that Ms Miller’s trees are prohibited or restricted plants under the Biosecurity Act;
    2. (b)
      that there is an urgent or imminent need to make orders in relation to the trees to prevent serous injury to a person or property damage on an interim or even a final basis;
    3. (c)
      that Ms Millers trees are otherwise offending any local laws or Ergon guidelines.
  2. [23]
    Dr Finlay has not produced evidence to support any of the claims made in the interim application.  Nor is there any independent or expert evidence to support her application on a final basis – this usually follows in the due course of a tree dispute’s progression through the tribunal, including and most commonly by way of a tree assessment.
  3. [24]
    The proper place to test Dr Finlay’s application is the final hearing. At this interim stage and on the evidence currently before the tribunal, there is no evidence to support any orders and particularly not an order to remove trees – being an order of last resort.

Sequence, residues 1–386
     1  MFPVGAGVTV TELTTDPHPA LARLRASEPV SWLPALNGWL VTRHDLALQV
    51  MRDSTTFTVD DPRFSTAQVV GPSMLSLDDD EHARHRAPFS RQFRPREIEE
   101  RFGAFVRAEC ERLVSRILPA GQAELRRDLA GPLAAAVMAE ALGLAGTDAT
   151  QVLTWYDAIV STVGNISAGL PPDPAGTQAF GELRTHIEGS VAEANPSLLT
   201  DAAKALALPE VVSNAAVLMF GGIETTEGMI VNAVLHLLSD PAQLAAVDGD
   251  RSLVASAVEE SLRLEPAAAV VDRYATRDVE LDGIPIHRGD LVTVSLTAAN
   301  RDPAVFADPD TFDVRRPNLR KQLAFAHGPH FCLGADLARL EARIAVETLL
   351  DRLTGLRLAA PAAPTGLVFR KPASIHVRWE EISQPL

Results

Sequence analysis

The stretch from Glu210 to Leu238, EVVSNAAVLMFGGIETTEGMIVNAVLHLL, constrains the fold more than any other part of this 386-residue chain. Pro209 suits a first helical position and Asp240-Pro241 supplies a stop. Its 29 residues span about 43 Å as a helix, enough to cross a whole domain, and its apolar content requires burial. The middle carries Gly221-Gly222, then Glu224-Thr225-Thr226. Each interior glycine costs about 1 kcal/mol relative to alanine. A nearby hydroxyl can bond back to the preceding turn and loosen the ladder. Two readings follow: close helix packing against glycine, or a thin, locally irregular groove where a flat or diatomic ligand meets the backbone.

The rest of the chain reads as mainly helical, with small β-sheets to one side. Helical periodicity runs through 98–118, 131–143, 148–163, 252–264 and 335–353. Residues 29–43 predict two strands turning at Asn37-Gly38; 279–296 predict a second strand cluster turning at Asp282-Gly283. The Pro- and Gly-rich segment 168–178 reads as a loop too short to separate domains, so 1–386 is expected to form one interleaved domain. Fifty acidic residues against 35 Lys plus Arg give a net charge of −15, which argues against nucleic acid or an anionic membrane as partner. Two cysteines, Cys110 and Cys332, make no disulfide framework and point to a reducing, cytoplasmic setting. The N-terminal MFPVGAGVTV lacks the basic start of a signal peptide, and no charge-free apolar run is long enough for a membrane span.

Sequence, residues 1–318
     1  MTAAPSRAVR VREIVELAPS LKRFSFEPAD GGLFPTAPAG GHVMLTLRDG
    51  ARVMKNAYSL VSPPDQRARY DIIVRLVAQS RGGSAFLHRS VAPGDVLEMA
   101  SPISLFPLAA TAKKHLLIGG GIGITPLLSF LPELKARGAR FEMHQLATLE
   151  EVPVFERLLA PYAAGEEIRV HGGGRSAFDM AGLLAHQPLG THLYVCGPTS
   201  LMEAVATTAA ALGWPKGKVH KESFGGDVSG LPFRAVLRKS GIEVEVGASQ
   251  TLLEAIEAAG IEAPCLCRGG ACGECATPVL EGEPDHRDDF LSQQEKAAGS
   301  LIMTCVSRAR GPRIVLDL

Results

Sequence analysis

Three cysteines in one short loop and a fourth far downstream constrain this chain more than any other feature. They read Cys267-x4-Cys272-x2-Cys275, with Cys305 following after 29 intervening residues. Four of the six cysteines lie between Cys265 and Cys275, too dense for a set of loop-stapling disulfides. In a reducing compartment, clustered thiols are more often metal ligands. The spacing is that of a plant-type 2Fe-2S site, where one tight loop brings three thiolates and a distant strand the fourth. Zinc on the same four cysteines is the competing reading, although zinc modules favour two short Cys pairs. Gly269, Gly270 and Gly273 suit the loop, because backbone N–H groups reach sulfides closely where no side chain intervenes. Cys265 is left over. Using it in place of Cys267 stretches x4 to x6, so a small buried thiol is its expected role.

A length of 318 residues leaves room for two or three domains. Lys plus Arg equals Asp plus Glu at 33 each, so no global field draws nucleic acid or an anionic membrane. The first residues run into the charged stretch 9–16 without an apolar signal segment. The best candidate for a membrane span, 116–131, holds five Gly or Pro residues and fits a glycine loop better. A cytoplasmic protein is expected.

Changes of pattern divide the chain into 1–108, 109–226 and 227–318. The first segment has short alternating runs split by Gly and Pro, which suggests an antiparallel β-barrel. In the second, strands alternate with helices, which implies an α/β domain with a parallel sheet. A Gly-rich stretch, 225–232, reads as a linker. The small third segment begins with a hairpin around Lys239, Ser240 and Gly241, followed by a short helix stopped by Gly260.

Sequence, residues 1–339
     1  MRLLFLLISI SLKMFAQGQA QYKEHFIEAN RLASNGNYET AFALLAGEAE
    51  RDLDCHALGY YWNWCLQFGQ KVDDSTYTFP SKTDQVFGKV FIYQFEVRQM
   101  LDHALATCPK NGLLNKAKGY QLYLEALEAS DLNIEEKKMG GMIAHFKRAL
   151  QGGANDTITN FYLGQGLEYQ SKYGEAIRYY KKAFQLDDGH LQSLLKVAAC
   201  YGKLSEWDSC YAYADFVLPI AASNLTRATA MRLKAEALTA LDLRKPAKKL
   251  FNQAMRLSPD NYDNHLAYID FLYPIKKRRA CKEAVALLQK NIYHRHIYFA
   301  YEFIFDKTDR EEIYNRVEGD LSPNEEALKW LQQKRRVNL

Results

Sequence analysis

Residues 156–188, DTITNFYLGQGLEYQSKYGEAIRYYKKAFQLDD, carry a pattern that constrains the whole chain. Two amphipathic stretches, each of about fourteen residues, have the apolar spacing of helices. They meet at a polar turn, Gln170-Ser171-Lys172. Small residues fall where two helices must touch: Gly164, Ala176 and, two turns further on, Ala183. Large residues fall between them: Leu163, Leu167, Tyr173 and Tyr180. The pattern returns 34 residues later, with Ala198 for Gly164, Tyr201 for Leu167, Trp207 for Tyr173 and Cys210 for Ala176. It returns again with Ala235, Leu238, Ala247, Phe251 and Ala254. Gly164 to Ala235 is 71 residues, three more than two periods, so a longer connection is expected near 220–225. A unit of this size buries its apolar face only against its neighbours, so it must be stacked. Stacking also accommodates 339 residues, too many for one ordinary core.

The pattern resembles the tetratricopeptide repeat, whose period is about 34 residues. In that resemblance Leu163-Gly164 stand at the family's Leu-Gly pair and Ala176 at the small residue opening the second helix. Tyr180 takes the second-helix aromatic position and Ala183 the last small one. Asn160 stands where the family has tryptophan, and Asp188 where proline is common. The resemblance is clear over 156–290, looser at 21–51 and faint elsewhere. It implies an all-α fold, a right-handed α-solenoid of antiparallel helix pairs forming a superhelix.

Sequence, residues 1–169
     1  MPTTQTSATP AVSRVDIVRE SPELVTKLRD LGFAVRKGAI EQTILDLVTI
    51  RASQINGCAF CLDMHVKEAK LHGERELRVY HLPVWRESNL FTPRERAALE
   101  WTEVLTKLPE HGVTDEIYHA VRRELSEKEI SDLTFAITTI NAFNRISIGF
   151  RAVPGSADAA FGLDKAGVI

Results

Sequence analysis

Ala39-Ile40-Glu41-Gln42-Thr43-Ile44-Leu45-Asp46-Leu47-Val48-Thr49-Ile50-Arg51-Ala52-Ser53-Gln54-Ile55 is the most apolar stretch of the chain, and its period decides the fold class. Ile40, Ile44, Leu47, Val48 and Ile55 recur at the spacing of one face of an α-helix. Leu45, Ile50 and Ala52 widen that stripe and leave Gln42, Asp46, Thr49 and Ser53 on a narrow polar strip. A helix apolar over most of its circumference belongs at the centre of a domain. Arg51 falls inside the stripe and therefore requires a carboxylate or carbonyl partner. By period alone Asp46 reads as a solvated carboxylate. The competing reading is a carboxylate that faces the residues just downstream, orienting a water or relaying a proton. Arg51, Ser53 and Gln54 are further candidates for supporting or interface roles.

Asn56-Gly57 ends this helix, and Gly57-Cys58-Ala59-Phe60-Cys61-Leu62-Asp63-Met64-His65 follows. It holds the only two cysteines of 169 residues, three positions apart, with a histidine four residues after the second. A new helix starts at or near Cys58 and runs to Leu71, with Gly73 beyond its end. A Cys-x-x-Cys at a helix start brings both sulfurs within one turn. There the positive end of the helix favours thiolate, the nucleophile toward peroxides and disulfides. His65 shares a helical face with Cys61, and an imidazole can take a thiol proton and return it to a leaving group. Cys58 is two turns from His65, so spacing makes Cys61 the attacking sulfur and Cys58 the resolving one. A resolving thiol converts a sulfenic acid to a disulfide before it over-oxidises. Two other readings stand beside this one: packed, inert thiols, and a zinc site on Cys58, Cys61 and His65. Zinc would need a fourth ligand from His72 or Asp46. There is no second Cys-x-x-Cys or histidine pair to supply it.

4. [25]
    For those reasons, I made an order dismissing the application for interim orders.


[1]  Section 42(1)(a) of the NDA.

[2]  Section 52, ibid.

[3]  Section 58, ibid.

[4]  Section 112, QCAT Act.

[5]  Practice Direction 7 of 2013.

[6]  Schedule 1 of the Biosecurity Act.

[7]  Schedule 2 of the Biosecurity Act.

[8]  Townsville City Biosecurity Plan 2020-2024 - Appendix 3.

[9]  Section 32(2), ibid.

[10]  Section 95(1), ibid.

[11]  [2015] QCAT 74 at [9], cited by Member Allen in Blue Angel Investments Pty Ltd t/as Salt Seafood Bar and Grill v Beach Plaza Pty Ltd [2015] QCAT 230 at [9].


Editorial Notes

  • Published Case Name:

    Finlay v Miller

  • Shortened Case Name:

    Finlay v Miller

  • MNC:

    [2021] QCAT 444

  • Court:


  • Judge(s):

    Member Lember

  • Date:

    22 Oct 2021

Appeal Status

Please note, appeal data is presently unavailable for this judgment. This judgment may have been the subject of an appeal.